• Nicholas J. Johnson

Why the hell do these snakes move?

Take a look at these snakes from Japanese psychologist and academic Akiyoshi Kitaoka

That is, TRY to take a look at these snakes:

They're not a video, and yet, they seem to shift and twist across the screen.


The short answer is: no one knows.

But, neuroscientists do have some clues as to why those snakes won't stop wriggling.

First, notice how the snakes never move when you're staring directly at them. This tells us that the movement is occurring in our peripheral vision where motion is king. Your peripheral vision struggles with colour and still objects but is highly responsive to movement.


That's why this type of illusion was called "peripheral drift" by Faubert and Herbert in 1999. (I think it is also the title of one of the Fast and Furious movies.)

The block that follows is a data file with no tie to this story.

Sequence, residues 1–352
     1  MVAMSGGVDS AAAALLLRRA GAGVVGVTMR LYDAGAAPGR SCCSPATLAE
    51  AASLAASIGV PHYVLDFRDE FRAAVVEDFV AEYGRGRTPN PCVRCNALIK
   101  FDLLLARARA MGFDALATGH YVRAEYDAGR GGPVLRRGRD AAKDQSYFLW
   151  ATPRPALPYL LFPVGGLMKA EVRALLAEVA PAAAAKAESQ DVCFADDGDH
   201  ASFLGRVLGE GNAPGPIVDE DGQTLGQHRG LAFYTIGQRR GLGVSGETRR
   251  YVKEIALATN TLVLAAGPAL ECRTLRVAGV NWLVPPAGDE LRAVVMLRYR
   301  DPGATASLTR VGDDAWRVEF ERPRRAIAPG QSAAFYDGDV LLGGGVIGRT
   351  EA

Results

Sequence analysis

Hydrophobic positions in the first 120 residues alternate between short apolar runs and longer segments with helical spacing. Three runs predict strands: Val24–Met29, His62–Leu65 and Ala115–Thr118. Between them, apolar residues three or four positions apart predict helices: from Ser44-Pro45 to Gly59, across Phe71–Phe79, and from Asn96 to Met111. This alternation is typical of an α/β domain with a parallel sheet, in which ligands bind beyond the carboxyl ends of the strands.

Second, try to fix your eyes on the rotating snake in the very centre of the image. (It's harder than it looks.) When you do, the snakes stop moving. This tells us that the movement of the snakes is related to microsaccades, the tiny movements of the human eye.

Thirdly, these types of illusions tend to use a repeated pattern of high-contrast colours. Our brains process high-contrast images faster than low contrast images.

Notice how each blue dot has a white AND black shadow. Your brain processes the blue/white faster than the blue/black meaning you perceive the blue/black a fraction of a second later.

Seeing one image immediately after another causes a phi phenomenon. Our brain can't tell which image is which and we confuse it with motion. It's the psychological effect that makes movies, cartoons, and animation possible.


And that's about as far as the current research goes. We know that some combination of image processing latency, eye movements, and peripheral vision is creating the effect.

But exactly how they work together and why some shapes work better than others, is still a mystery.